Black Vulture to Black-headed Gull, spring abundance - 15-16 May 2010

Befitting the season and a series of favorable weather fronts, a really good variety of birds found their way onto the South Fork at the weekend. A major flight was recorded on Saturday (15 May 2010) morning along the barrier islands of Jones Beach Island and Fire Island involving thousands of migrants that had been been pushed out over the New York Bite by a rain front during the night and were re-orientating westward at daybreak. It's not clear how much of this displacement reached eastern Long Island, although Vicki Bustamante observed a very nice mix of warblers (16 sp.) in the woods on the north side of Montauk SP (Seal Haulout Trail) that morning. Even mid-island the flight seemed to be restricted to the outer beach and few new migrants were seen in more inland areas. On days like this, the trees and bushes bordering the dunes along Dune Road, Mecox and Hither Hills State Park could be very productive.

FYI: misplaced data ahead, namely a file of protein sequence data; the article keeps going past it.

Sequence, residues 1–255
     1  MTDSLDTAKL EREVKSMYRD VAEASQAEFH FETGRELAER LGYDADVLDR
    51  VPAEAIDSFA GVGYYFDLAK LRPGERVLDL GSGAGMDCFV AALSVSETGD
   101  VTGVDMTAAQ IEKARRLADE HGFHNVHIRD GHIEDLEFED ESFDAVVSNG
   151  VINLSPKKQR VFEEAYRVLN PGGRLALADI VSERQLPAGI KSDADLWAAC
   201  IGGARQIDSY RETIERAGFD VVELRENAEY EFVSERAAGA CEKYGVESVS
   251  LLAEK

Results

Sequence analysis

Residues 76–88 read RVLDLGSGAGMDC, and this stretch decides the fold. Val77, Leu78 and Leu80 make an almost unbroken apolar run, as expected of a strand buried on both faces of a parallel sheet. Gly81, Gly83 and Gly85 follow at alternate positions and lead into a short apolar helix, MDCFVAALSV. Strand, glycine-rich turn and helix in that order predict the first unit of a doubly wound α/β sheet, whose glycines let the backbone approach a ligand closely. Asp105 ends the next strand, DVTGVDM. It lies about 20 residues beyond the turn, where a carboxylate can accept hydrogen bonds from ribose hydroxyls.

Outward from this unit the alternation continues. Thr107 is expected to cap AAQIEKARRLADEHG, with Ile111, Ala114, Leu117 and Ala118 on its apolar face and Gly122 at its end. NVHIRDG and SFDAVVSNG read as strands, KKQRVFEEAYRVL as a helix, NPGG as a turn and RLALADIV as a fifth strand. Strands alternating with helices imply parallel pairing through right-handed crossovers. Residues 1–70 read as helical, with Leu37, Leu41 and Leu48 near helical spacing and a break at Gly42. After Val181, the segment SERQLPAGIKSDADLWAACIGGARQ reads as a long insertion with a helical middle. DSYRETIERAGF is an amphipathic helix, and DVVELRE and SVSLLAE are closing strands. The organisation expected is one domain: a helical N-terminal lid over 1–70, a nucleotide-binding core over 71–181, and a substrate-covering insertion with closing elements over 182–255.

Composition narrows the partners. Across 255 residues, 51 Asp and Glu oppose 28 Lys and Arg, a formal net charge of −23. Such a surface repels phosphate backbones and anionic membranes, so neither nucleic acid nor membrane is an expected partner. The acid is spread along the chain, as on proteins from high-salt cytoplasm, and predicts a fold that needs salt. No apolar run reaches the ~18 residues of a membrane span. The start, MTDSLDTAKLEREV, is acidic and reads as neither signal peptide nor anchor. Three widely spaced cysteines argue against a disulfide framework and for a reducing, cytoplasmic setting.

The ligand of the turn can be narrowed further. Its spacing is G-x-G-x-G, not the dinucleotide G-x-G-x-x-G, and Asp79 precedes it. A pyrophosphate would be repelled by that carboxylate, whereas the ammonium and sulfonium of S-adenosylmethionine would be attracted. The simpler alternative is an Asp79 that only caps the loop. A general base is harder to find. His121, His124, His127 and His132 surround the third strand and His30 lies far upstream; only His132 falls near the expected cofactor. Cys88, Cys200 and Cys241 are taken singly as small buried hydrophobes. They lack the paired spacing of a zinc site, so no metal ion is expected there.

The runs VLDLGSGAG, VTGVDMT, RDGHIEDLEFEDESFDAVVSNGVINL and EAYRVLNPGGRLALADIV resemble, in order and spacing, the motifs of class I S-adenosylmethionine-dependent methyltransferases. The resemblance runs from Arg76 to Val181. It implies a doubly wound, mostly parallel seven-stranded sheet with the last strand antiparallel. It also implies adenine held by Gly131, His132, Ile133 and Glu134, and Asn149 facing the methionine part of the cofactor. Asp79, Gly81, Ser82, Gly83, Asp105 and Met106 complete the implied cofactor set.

More people were out and about on Sunday (16 May 2010) and overall the tallies were much better. The steady NW wind pushed a number of raptors onto the peninsular and by mid-morning a BLACK VULTURE was soaring over Camp Hero/Deep Hollow together with 8 TURKEY VULTURES. In a separate kettle, 9 BROAD-WINGED HAWKS (2 ads, 7 juv/subad.) - an exceptional number for this 'buteo cul de sac' - spun around the radar tower for an hour before drifting west over Montauk Village. An immature male BLUE GROSBEAK made a brief appearance in Camp Hero. Common nesting species likes Wood Thrush, Red-eyed Vireo, and American Redstart seem to be present in good numbers now.

WILSON'S WARBLER was a highlight of several people's day lists, and at least 3 were noted in Montauk. There were reports from all over the Long Island. Warbler numbers were modest compared to other parts of Long Island but certainly enough to keep everyone busy and the list included TENNESSEE, BLACKBURNIAN and BAY-BREASTED. In various wet spots, SOLITARY SANDPIPERS made a fine showing. I felt pleased to have found 5 dfferent birds in the Montauk area, along with an equal number of SPOTTED SANDPIPERS, only to be eclipsed by Karen and Barb Rubinstein who tallied a remarkable 7 Solitary Sandpipers within the Merrill Lake Preserve in Springs where they also found 5 male BOBOLINK. Both cuckoos were recorded; BLACK-BILLED CUCKOO was found in Hither Hills and Camp Hero and a YELLOW-BILLED CUCKOO near Long Pond in Sag Harbor. In addition to the birds, large numbers of American Painted Lady and Red Admiral butterflies had made their way onto the island (these are migrants, right?), and they were everywhere in Montauk on Saturday and Sunday.